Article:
Video

    Video Two-thirds of World Faces Water Shortage

    Four billion people — or two out of every three on the planet — do not have enough water to meet their basic needs. That is far greater than previously thought, according to a new study that presents a more accurate picture of the problem. As VOA's Rosanne Skirble reports, the findings will help policymakers and the public craft solutions to address the threat.
    Video

    Video Gateway to Mecca: Historical Old Jeddah

    Local leader Sami Nawar's family has been in the Old City of Jeddah for hundreds of years and takes us on a tour of this ancient route to Mecca, also believed to be the final resting place of Adam's wife, Eve.
    Video

    Video New Technology Aims to Bring Election Transparency to Uganda

    A team of recent graduates from Uganda’s Makerere University has created a mobile application designed to help monitor elections and expose possible rigging. The developers say the app, called E-Poll, will make Uganda's democratic process fairer. From Kampala, VOA's Serginho Roosblad reports.
    Video

    Video As Refugees Perish, Greek Graveyards Fill

    Aid workers on the Greek island of Lesbos say they are struggling to bury the increasing number of bodies of refugees that have been recovered or washed up ashore in recent months.  The graveyards are all full, they say, yet as tens of thousands of people clamor to get out of Syria, it is clear refugees will still be coming in record numbers. For VOA, Hamada Elrasam reports from Lesbos, Greece.
    Video

    Video Russia Bristles at NATO Expansion in E. Europe

    Russian Foreign Minister Sergei Lavrov is meeting Friday with the head of NATO after the Western military alliance and the United States announced plans for the biggest military build-up in Europe since the Cold War. Russia has called NATO's moves a threat to stability in Europe. But NATO says the troop rotations and equipment are aimed at reassuring allies concerned about Russia as VOA's Daniel Schearf reports from Moscow.
    Video

    Video To Fight Zika, Scientists Target Mosquitoes

    Mosquitoes strike again. The Zika virus outbreak is just the latest headline-grabbing epidemic carried by these biting pests, but researchers are fighting back with new ways to control them. VOA's Steve Baragona takes a look.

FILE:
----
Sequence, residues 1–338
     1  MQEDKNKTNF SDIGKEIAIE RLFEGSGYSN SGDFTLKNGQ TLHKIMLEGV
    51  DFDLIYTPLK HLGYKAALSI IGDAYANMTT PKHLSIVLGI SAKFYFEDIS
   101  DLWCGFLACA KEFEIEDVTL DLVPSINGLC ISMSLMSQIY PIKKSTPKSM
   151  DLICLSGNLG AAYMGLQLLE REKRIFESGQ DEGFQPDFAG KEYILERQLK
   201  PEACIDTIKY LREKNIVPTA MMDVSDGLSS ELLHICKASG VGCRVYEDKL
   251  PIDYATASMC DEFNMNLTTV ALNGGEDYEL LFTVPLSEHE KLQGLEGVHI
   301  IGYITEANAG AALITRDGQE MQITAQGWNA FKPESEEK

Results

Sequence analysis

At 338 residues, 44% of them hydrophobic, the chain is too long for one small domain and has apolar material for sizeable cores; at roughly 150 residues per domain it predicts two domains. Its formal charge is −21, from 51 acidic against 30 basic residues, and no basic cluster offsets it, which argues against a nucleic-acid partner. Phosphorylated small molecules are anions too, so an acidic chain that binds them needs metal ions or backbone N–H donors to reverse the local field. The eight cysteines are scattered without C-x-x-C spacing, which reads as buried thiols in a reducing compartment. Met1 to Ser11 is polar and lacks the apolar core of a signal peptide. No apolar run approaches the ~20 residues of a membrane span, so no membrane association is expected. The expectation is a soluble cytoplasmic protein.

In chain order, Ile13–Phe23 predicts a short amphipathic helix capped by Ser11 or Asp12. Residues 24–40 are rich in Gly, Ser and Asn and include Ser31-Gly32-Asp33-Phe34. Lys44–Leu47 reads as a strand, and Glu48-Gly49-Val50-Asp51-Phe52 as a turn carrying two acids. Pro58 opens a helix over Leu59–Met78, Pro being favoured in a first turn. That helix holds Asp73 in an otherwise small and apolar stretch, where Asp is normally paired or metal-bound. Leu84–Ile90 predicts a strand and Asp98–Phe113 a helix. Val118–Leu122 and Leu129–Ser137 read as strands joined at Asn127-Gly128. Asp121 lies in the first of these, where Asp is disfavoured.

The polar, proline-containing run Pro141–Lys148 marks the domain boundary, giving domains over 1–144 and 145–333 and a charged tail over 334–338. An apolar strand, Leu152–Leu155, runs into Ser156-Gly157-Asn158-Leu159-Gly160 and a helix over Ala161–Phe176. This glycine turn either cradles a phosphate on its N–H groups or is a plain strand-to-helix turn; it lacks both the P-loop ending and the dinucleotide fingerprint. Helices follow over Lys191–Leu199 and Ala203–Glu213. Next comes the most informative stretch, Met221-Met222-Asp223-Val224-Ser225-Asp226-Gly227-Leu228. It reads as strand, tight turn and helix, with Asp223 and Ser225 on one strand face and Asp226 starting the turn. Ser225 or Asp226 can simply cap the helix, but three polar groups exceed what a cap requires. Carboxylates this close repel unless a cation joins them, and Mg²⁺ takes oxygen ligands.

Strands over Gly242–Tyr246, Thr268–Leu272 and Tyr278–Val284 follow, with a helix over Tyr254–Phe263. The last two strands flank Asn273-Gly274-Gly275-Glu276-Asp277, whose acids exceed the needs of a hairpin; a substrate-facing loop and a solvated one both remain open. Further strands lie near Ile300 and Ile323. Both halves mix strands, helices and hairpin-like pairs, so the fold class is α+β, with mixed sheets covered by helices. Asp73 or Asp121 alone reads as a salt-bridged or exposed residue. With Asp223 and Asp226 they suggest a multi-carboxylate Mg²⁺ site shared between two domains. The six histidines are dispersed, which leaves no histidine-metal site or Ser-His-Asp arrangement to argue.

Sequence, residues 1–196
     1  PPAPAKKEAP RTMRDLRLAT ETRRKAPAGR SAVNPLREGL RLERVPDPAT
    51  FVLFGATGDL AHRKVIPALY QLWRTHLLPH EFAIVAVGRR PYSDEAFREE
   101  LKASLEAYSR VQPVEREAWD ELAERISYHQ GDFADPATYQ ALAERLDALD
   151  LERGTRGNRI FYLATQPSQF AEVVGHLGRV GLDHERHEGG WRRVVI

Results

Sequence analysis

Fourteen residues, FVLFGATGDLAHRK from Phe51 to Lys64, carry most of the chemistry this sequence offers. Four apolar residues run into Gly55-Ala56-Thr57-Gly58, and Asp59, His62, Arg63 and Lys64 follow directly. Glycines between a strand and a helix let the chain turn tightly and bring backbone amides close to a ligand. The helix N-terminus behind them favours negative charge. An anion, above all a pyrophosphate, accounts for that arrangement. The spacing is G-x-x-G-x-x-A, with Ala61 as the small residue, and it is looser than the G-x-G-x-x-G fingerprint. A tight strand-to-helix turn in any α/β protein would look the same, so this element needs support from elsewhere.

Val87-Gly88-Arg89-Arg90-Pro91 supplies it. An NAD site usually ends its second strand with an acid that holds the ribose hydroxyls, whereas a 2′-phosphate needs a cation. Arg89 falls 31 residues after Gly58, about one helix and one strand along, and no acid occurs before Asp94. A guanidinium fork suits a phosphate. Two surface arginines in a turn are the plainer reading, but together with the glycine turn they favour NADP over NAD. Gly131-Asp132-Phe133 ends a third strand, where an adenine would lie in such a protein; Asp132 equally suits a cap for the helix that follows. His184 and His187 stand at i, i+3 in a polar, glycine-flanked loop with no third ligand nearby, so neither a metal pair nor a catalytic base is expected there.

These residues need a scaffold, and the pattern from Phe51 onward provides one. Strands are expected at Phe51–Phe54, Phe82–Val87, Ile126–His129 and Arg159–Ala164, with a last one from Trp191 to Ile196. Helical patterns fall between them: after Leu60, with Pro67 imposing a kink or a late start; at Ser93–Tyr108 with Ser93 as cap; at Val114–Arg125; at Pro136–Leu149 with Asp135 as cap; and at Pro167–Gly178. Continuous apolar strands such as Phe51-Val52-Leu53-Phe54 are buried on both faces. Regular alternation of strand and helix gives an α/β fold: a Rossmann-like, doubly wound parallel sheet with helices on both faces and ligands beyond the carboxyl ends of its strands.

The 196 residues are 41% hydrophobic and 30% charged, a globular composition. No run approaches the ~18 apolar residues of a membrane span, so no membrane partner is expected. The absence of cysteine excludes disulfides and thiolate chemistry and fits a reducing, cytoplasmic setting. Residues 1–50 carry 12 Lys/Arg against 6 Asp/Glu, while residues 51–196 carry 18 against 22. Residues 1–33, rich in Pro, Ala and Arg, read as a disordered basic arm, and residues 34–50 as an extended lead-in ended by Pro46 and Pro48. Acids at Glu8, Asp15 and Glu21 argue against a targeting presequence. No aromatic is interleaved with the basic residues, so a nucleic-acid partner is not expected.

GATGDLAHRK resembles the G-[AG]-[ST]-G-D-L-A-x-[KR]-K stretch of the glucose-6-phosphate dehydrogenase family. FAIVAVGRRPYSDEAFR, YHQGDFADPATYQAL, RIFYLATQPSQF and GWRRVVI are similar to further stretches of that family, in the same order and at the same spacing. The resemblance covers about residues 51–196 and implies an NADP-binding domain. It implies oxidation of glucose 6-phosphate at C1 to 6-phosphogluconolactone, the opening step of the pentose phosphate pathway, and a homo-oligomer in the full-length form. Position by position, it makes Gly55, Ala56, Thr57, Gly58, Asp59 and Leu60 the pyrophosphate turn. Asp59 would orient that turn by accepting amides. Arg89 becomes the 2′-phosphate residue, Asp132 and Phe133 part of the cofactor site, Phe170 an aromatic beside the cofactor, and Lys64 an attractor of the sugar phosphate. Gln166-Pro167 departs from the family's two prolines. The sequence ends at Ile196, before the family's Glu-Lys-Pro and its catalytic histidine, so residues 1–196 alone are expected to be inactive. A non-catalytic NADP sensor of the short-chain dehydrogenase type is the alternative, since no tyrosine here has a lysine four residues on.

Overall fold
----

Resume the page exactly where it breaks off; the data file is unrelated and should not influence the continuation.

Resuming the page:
Video

    Video Mosul Refugees Talk About Life Under IS

    A top U.S. intelligence official told Congress this week that a planned Iraqi-led operation to re-take the city of Mosul from Islamic State militants is unlikely to take place this year. IS took over the city in June 2014, and for the past year and a half, Mosul residents have been held captive under its rule. VOA's Zana Omar talked to some families who managed to escape. Bronwyn Benito narrates his report.
    Video

    Video Scientists Make Progress Toward Better Diabetes Treatment, Cure

    Scientists at two of the top U.S. universities say they have made significant advances in their quest to find a more efficient treatment for diabetes and eventually a cure. According to the International Diabetes Federation, the disease affects more than 370 million people worldwide. VOA’s George Putic reports.
    Video

    Video NATO to Target Migrant Smugglers

    NATO has announced plans to send warships to the Aegean Sea to target migrant smugglers in the alliance's most direct intervention so far since a wave of people began trying to reach European shores.
    Video

    Video Russia's Catholics, Orthodox Hopeful on Historic Pope-Patriarch Meeting

    Russia's Catholic minority has welcomed an historic first meeting Friday in Cuba between the Pope and the Patriarch of Russia's dominant Orthodox Church. The Orthodox Church split with Rome in 1054 and analysts say politics, both church and state, have been driving the relationship in the centuries since. VOA's Daniel Schearf reports from Moscow.
    Video

    Video Used Books Get a New Life on the Streets of Lagos

    Used booksellers are importing books from abroad and selling them on the streets of Africa's largest city. What‘s popular with readers may surprise you. Chris Stein reports from Lagos.
    Video

    Video After NH Primaries All Eyes on South Carolina

    After Tuesday's primary in New Hampshire, US presidential candidates swiftly turned to the next election coming up in South Carolina. The so-called “first-in-the-South” poll may help further narrow down the field of candidates. Zlatica Hoke reports.
    Video

    Video Smartphone Helps Grow Vegetables

    One day, you may be using your smartphone to grow your vegetables. A Taipei-based company has developed a farm cube — a small, enclosed ecosystem designed to grow plants indoors. The environment inside is automatically adjusted by the cube, but it can also be controlled through an app. VOA's Deborah Block has more on the gardening system.
    Video

    Video Exhibit Turns da Vinci’s Drawings Into Real Objects

    In addition to being a successful artist, Renaissance genius Leonardo da Vinci designed many practical machines, some of which are still in use today, although in different forms. But a number of his projects were never realized — until today. VOA’s George Putic reports.